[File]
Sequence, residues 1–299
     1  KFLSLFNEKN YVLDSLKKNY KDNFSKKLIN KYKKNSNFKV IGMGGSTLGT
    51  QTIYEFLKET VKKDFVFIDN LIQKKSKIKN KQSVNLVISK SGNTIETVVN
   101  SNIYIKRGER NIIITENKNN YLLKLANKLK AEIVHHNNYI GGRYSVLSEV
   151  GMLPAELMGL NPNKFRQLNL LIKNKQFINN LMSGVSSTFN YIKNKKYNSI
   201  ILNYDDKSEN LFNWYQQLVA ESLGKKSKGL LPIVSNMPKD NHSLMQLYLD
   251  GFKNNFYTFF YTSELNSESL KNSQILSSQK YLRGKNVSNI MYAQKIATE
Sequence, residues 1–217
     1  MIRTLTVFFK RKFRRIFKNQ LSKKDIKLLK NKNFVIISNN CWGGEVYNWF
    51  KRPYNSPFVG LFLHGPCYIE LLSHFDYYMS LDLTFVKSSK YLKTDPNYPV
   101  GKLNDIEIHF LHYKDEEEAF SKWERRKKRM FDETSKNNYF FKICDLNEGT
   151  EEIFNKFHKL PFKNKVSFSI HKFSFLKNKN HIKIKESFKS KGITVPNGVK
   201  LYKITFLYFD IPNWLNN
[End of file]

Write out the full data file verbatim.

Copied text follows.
Sequence, residues 1–299
     1  KFLSLFNEKN YVLDSLKKNY KDNFSKKLIN KYKKNSNFKV IGMGGSTLGT
    51  QTIYEFLKET VKKDFVFIDN LIQKKSKIKN KQSVNLVISK SGNTIETVVN
   101  SNIYIKRGER NIIITENKNN YLLKLANKLK AEIVHHNNYI GGRYSVLSEV
   151  GMLPAELMGL NPNKFRQLNL LIKNKQFINN LMSGVSSTFN YIKNKKYNSI
   201  ILNYDDKSEN LFNWYQQLVA ESLGKKSKGL LPIVSNMPKD NHSLMQLYLD
   251  GFKNNFYTFF YTSELNSESL KNSQILSSQK YLRGKNVSNI MYAQKIATE
Sequence, residues 1–217
     1  MIRTLTVFFK RKFRRIFKNQ LSKKDIKLLK NKNFVIISNN CWGGEVYNWF
    51  KRPYNSPFVG LFLHGPCYIE LLSHFDYYMS LDLTFVKSSK YLKTDPNYPV
   101  GKLNDIEIHF LHYKDEEEAF SKWERRKKRM FDETSKNNYF FKICDLNEGT
   151  EEIFNKFHKL PFKNKVSFSI HKFSFLKNKN HIKIKESFKS KGITVPNGVK
   201  LYKITFLYFD IPNWLNN